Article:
Sylvia K., Chicago, Illinois.
(The Keys of the Kingdom — Sylvia Kauffmann, Chicago, IL.
(p. 304 in 2nd and 3rd editions, p. 268 in the 4th edition.)
Pioneers of A.A.
“This worldly lady helped to develop A.A. in Chicago and thus passed her keys to many.”
According to member list index cards kept by the Chicago group, Sylvia’s date of sobriety was September 13, 1939. Because of slips by Marty M. (“Women Suffer Too,”) Sylvia may have been the first woman to achieve long term sobriety.
Sylvia was raised in a good environment with loving and conscientious parents and given every advantage: the best schools, summer camps, resort vacations and travel. She had her first drink at sixteen and loved what it did for her.
She was the product of the post-war prohibition era of the roaring ’20s. She married at twenty, had two children, and was divorced at twenty-three. This gave her a good excuse to drink. By twenty-five she had developed into an alcoholic.
She began making the rounds of the doctors in the hope that one of them might find a cure for her accumulating ailments, most of whom prescribed sedatives and advised rest and moderation.
Between the ages of twenty-five and thirty she tried everything. She moved to Chicago thinking a new environment would help. She tried all sorts of things to control her drinking: the beer diet, the wine diet, timing, measuring, and spacing of drinks. Nothing worked.
The next three years saw her in sanitariums, once in a ten-day coma from which she very nearly died. She wanted to die, but had lost the courage to try.
For about one year prior to this time there was one doctor who did not give up on her. He tried everything he could think of, including having her go to mass every morning at six a.m., and performing the most menial labor for his charity patients. This doctor apparently had the intuitive knowledge that spirituality and helping others might be the answer.
In the 1939 this doctor heard of the book Alcoholics Anonymous and wrote to New York for a copy. After reading it he tucked it under his arm and called on Sylvia. That visit marked the turning point of her life.
He must have studied the book carefully because he took its advice. He gave her the cold, hard facts about her condition, and that she would either die of acute alcoholism, develop a wet brain, or have to be put away permanently.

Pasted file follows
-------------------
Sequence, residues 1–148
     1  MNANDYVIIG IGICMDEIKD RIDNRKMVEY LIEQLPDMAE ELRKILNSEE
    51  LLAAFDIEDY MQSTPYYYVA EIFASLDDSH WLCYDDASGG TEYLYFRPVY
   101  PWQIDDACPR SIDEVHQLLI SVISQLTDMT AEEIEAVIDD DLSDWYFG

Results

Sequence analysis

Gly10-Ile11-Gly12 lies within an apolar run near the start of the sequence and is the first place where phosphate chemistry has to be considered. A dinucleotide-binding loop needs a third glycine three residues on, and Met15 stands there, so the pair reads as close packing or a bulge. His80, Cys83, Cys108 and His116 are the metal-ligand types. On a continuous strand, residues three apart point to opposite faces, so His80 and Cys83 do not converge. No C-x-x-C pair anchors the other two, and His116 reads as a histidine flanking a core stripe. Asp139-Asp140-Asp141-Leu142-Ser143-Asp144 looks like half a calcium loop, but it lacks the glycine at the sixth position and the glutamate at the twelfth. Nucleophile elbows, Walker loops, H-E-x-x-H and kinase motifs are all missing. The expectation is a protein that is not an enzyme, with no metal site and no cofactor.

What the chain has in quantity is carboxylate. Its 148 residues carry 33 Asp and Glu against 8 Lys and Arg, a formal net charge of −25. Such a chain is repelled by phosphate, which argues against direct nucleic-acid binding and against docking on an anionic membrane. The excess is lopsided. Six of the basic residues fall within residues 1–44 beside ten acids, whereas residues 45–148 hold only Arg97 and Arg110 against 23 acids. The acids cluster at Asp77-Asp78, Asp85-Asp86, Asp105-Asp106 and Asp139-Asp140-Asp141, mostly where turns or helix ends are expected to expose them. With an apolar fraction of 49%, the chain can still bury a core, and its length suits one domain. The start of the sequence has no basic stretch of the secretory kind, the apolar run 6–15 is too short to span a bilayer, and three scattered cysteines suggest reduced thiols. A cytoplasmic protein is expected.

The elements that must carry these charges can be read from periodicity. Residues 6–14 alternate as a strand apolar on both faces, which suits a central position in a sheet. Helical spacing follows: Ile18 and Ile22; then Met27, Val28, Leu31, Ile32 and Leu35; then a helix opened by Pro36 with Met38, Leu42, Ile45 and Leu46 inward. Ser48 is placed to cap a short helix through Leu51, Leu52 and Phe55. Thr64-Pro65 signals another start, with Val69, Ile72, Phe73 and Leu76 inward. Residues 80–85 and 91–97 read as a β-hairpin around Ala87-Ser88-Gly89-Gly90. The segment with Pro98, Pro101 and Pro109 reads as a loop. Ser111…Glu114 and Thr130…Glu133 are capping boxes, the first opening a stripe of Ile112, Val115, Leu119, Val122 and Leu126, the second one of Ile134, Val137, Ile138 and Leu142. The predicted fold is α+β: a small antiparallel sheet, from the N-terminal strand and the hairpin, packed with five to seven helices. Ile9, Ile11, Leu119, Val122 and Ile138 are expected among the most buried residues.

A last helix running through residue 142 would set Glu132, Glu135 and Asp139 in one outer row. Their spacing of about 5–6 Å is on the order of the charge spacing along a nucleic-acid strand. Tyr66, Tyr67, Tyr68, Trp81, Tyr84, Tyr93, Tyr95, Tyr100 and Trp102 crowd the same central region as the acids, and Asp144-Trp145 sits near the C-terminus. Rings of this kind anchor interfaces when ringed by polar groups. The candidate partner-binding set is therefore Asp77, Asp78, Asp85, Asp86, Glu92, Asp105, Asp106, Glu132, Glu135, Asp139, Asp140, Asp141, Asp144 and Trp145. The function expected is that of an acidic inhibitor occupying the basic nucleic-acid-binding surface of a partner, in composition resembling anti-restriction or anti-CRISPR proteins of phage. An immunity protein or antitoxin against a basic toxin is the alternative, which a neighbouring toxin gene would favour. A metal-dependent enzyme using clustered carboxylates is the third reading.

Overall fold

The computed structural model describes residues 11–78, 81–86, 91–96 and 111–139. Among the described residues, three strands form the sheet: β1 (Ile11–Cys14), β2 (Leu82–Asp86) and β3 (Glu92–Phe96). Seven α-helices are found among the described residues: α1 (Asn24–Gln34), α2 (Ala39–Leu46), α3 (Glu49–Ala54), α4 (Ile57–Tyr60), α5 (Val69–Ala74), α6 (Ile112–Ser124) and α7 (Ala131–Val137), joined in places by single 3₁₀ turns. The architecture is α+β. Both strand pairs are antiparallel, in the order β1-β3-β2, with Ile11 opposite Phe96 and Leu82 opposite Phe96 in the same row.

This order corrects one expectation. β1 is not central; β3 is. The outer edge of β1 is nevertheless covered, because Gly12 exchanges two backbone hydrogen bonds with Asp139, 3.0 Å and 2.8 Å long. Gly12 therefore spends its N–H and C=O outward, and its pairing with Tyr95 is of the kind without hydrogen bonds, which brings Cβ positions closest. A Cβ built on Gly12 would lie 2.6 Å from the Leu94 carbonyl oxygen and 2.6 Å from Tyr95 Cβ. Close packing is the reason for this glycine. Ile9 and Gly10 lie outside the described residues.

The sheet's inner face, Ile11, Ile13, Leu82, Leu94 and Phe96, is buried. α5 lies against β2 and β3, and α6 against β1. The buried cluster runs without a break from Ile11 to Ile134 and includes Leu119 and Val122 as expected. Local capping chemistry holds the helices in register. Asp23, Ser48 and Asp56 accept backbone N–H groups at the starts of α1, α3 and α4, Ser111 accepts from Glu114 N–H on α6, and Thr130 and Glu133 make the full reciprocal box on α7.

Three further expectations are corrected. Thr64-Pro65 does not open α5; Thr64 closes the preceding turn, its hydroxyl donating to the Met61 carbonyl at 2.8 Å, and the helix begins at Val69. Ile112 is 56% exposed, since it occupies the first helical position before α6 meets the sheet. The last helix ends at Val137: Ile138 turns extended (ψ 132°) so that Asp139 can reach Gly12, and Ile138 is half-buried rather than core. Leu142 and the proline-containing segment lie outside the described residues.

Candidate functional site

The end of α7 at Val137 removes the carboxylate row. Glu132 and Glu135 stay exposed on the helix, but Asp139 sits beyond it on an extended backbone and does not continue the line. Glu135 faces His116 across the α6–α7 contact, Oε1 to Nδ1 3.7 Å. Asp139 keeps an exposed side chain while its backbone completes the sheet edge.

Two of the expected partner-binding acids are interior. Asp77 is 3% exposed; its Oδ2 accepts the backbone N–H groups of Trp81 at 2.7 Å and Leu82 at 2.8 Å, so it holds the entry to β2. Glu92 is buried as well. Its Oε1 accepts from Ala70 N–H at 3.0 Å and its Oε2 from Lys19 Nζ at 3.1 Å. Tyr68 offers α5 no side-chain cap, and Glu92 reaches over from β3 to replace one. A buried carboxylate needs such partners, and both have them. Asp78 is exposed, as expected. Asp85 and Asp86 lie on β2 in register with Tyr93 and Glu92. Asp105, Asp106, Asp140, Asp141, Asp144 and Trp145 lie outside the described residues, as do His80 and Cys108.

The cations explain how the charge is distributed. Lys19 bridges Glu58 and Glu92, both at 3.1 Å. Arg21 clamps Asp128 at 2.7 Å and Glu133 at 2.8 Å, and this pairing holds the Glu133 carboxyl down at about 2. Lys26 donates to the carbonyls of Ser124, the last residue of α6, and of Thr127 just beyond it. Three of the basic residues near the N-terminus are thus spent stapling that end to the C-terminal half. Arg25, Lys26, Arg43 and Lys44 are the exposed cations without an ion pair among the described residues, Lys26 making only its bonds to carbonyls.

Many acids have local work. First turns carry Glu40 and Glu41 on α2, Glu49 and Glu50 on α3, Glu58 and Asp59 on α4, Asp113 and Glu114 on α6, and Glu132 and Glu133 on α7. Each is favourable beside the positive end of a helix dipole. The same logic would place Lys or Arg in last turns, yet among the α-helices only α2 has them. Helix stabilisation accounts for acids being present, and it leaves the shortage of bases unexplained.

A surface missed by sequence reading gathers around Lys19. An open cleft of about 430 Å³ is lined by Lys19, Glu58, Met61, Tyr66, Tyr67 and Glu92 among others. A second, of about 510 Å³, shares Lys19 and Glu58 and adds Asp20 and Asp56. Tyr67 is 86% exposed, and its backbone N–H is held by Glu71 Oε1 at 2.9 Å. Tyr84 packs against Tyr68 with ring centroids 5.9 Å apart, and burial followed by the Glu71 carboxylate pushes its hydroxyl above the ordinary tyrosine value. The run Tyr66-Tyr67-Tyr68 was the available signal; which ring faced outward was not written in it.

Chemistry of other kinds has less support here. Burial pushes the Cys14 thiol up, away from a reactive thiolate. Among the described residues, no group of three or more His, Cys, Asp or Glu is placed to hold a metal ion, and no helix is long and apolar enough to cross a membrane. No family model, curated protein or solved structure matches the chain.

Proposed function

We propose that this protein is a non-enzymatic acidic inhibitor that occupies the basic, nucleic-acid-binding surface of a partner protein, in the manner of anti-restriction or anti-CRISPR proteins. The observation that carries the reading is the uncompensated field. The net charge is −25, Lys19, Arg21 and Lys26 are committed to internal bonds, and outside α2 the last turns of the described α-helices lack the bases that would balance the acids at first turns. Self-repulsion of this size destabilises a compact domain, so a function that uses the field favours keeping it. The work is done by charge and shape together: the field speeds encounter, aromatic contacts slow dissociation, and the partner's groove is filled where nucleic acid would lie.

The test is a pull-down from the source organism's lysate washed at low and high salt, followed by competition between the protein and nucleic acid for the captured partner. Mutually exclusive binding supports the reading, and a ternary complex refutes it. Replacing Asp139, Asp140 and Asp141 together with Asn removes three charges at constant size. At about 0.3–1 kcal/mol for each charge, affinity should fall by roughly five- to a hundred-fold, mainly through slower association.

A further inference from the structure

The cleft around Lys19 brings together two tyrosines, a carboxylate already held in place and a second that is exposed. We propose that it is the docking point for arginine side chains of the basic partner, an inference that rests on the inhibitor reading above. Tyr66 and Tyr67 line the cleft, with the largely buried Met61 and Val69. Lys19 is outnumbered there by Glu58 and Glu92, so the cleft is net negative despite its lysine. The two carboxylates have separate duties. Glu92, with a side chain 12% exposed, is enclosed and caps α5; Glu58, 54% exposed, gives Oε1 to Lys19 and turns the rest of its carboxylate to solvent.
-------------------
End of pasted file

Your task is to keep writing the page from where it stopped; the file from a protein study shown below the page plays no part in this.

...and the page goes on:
Then he told her of the handful of people in Akron and New York who seemed to have worked out a technique for arresting their alcoholism. He asked her to read the book and to talk with a man who experiencing success by using this plan. This was Earl T. (“He Sold Himself Short”), the “Mr. T.” to whom she refers on page 309.
Earl suggested she visit Akron. According to Bill W., she got off to a slow start there, and may also have been a pill addict. She took a lot of “little white pills” which she claimed were saccharin, and no one could understand why she was so rubber-legged. A nurse was flown in, presumably from Chicago, to take care of her.
Sylvia stayed two weeks at Clarence (Clarence S., “The Home Brewmeister”) and Dorothy S.’s home in Cleveland. She met Dr. Bob, who brought other A.A. men to meet her. Dorothy S. said that the men “were only too willing to talk to her after they saw her.” Sylvia was a glamorous divorcee, extremely good looking, and rich. But these attractions probably did not help her with the wives of the alcoholics, who were known on occasion to run women out.
After meeting Dr. Bob she wanted to move to Akron, but this caused great consternation, since her presence threatened to disrupt the whole group. Someone told her it would mean a great deal more if she could go back and help in Chicago.
She went back to Chicago where she eventually got sober. She worked closely with Earl T., and her personal secretary, Grace C., became the first secretary at the Intergroup office in Chicago, the first in the country.
Sylvia updated her story in the January 1969 issue of the “A.A. Grapevine.” She tells how busy her first ten years in A.A. were, but how all this tremendous activity, by bringing her into almost constant contact with other members, provided her with everything she most desperately needed to save her life. As she looked back she realized this was the most excitingly beautiful period of her life.
When she wrote this update, Sylvia had been living in Sarasota, Florida, with her husband, Dr. Ed S., and was soon to celebrate their eighteenth wedding anniversary. “He is an alky, too, and our lives have been enriched by our mutual faith and perseverance in the A.A. way of life. Through it we have found a quality of happiness and serenity that, we believe, could not have been realized in any other way. Small wonder our gratitude knows no bounds.”